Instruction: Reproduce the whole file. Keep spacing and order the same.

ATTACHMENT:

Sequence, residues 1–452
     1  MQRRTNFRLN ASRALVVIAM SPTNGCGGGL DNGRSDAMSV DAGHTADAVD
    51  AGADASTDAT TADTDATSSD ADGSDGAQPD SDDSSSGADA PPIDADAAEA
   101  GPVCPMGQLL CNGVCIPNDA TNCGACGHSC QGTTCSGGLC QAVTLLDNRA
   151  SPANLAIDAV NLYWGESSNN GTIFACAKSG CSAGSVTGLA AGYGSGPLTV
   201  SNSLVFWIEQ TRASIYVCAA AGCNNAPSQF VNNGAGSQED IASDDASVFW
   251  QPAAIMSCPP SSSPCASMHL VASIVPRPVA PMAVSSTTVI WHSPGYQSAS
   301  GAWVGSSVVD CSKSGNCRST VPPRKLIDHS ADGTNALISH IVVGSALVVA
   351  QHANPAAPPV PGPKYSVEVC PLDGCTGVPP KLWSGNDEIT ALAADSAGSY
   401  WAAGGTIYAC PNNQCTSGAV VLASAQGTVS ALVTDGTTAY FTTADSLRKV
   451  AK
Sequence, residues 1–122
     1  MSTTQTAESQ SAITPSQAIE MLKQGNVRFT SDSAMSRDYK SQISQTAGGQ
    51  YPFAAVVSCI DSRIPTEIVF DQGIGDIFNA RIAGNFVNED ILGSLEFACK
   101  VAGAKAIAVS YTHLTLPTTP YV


Sequence, residues 1–452
     1  MQRRTNFRLN ASRALVVIAM SPTNGCGGGL DNGRSDAMSV DAGHTADAVD
    51  AGADASTDAT TADTDATSSD ADGSDGAQPD SDDSSSGADA PPIDADAAEA
   101  GPVCPMGQLL CNGVCIPNDA TNCGACGHSC QGTTCSGGLC QAVTLLDNRA
   151  SPANLAIDAV NLYWGESSNN GTIFACAKSG CSAGSVTGLA AGYGSGPLTV
   201  SNSLVFWIEQ TRASIYVCAA AGCNNAPSQF VNNGAGSQED IASDDASVFW
   251  QPAAIMSCPP SSSPCASMHL VASIVPRPVA PMAVSSTTVI WHSPGYQSAS
   301  GAWVGSSVVD CSKSGNCRST VPPRKLIDHS ADGTNALISH IVVGSALVVA
   351  QHANPAAPPV PGPKYSVEVC PLDGCTGVPP KLWSGNDEIT ALAADSAGSY
   401  WAAGGTIYAC PNNQCTSGAV VLASAQGTVS ALVTDGTTAY FTTADSLRKV
   451  AK
Sequence, residues 1–122
     1  MSTTQTAESQ SAITPSQAIE MLKQGNVRFT SDSAMSRDYK SQISQTAGGQ
    51  YPFAAVVSCI DSRIPTEIVF DQGIGDIFNA RIAGNFVNED ILGSLEFACK
   101  VAGAKAIAVS YTHLTLPTTP YV